Whether you approach Karak from the ancient Kings Highway to the east or from the Dead Sea to the west, the striking silhouette of this fortified town and castle will instantly make you understand why the fates of kings and nations were decided here for millennia.

An ancient Crusader stronghold, Karak sits 900m above sea level and lies inside the walls of the old city. The city today is home to around 170,000 people and continues to boast a number of restored 19th century Ottoman buildings, restaurants, places to stay, and the like. But it is undoubtedly Karak Castle that dominates.

The town is built on a triangular plateau, with the castle at its narrow southern tip. The castle is some 220m long, 125m wide at the north end, and 40m wide at the southern end where a narrow valley deepened by a ditch separates it from the adjoining and much higher hill once Saladin's favourite artillery position. Throughout the castle, dark and roughly-shaped Crusader masonry is easy to discern from the finely-crafted blocks of lighter and softer limestone used in later Arab work.

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Wadi

This is a stupendous, timeless place, virtually untouched by humanity and its destructive forces. Here, it is the weather and winds that have carved the imposing, towering skyscrapers, so elegantly described by T.E. Lawrence as "vast, echoing and God-like..."

A maze of monolithic rockscapes rise up from the desert floor to heights of 1,750m creating a natural challenge for serious mountaineers. Hikers can enjoy the tranquility of the boundless empty spaces and explore the canyons and water holes to discover 4000-year-old rock drawings and the many other spectacular treasures this vast wilderness holds in store.

Also known as 'The Valley of the Moon', this is the place where Prince Faisal Bin Hussein and T.E. Lawrence based their headquarters during the Arab Revolt against the Ottomans in World War I, their exploits intrinsically woven into the history of this amazing area.

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Aqaba

With its wealth of other attractions, Jordan's splendid Red Sea resort is often overlooked by modern-day visitors. But apart from being a delightful place for discerning holidaymakers, this is actually a great base from which to explore various places of interest in southern Jordan.

Aqaba is a fun place. It is a microcosm of all the good things Jordan has to offer, including a fascinating history with some outstanding sites, excellent hotels and activities, superb visitor facilities, good shopping, and welcoming, friendly people, who enjoy nothing more than making sure their visitors have a good time.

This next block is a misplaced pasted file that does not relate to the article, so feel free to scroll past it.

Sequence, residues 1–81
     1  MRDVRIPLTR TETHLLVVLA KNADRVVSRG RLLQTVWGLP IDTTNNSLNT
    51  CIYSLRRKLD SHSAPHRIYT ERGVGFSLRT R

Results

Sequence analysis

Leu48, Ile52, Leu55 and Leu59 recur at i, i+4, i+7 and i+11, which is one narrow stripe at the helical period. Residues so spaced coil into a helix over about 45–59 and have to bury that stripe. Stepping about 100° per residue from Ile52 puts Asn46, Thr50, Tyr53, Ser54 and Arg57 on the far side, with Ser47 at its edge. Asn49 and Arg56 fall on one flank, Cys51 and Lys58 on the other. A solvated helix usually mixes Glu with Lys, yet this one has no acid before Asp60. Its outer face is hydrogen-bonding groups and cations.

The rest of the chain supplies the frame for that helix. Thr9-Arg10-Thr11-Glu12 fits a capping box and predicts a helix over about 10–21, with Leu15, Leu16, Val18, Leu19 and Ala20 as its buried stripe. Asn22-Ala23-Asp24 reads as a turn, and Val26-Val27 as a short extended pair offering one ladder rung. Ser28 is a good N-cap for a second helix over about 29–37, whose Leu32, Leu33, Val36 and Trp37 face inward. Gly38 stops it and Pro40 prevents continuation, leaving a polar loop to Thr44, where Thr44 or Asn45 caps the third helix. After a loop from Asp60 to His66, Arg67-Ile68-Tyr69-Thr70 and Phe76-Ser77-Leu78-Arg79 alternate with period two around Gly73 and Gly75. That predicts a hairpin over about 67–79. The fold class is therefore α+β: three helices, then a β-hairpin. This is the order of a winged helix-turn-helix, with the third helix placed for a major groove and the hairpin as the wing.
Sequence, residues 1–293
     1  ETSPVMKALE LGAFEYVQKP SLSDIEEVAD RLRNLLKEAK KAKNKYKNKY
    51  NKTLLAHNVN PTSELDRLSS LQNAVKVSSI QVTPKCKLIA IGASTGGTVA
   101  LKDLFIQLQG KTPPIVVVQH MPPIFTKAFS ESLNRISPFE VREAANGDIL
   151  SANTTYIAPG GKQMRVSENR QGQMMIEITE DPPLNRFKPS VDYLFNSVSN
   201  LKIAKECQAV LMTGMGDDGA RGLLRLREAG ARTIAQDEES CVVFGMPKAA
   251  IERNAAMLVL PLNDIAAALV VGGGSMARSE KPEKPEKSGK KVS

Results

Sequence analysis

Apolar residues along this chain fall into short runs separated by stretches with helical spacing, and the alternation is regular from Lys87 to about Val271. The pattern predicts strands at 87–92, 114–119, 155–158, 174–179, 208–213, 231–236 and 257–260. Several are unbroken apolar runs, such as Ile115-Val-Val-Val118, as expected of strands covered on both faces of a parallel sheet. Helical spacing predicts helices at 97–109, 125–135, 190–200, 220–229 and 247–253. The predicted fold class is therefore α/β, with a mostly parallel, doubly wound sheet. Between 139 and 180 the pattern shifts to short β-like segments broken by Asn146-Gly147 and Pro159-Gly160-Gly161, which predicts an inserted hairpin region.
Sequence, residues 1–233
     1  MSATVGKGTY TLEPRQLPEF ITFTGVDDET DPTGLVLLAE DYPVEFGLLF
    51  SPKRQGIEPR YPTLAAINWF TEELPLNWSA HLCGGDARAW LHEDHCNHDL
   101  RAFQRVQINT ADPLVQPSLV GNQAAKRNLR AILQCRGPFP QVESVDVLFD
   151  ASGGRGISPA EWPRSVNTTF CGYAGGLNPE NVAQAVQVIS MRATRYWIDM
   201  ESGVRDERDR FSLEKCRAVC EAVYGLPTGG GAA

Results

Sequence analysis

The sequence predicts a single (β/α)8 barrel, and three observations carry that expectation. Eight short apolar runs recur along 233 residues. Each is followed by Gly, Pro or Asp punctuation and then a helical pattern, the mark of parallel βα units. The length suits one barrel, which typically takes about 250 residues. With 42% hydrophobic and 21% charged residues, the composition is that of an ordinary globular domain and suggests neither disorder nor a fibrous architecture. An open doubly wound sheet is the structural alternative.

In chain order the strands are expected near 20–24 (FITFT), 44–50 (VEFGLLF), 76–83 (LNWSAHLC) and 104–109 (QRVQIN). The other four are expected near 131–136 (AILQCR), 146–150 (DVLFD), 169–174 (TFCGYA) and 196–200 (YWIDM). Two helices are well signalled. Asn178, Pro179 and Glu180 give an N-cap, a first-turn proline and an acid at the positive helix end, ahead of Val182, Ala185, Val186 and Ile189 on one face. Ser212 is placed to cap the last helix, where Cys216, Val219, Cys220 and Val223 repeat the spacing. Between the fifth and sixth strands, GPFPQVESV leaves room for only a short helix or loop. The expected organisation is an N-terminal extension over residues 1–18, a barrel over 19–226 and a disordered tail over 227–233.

But perhaps Aqaba's greatest asset is the Red Sea itself. Here you can experience some of the best snorkelling and diving in the world. The temperate climate and gentle water currents have created a perfect environment for the growth of corals and a teeming plethora of marine life. Here you can swim with friendly sea turtles and dolphins as they dart amongst the schools of multi-coloured fish. Night dives reveal the nocturnal sea creatures, crabs, lobsters and shrimp, as they search for a midnight snack.

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Jerash

img_column_mask.jpgA close second to Petra on the list of favourite destinations in Jordan is the ancient city of Jerash, which boasts an unbroken chain of human occupation dating back more than 6,500 years.

Jerash lies on a plain surrounded by hilly wooded areas and fertile basins. Conquered by General Pompey in 63 BC, it came under Roman rule and was one of the ten great Roman cities of the Decapolis League.

The city's golden age came under Roman rule, during which time it was known as Gerasa, and the site is now generally acknowledged to be one of the best-preserved Roman provincial towns in the world. Hidden for centuries in sand before being excavated and restored over the past 70 years, Jerash reveals a fine example of the grand, formal provincial Roman urbanism that is found throughout the Middle East, comprising paved and colonnaded streets, soaring hilltop temples, handsome theatres, spacious public squares and plazas, baths, fountains and city walls pierced by towers and gates.

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Ajlun

The marvels of nature and the genius of medieval Arab military architecture have given northern Jordan two of the most important ecological and historical attractions in the Middle East: the sprawling pine forests of the Ajlun-Dibbine area, and the towering Ayyubid castle at Ajlun, which helped to defeat the Crusaders eight centuries ago.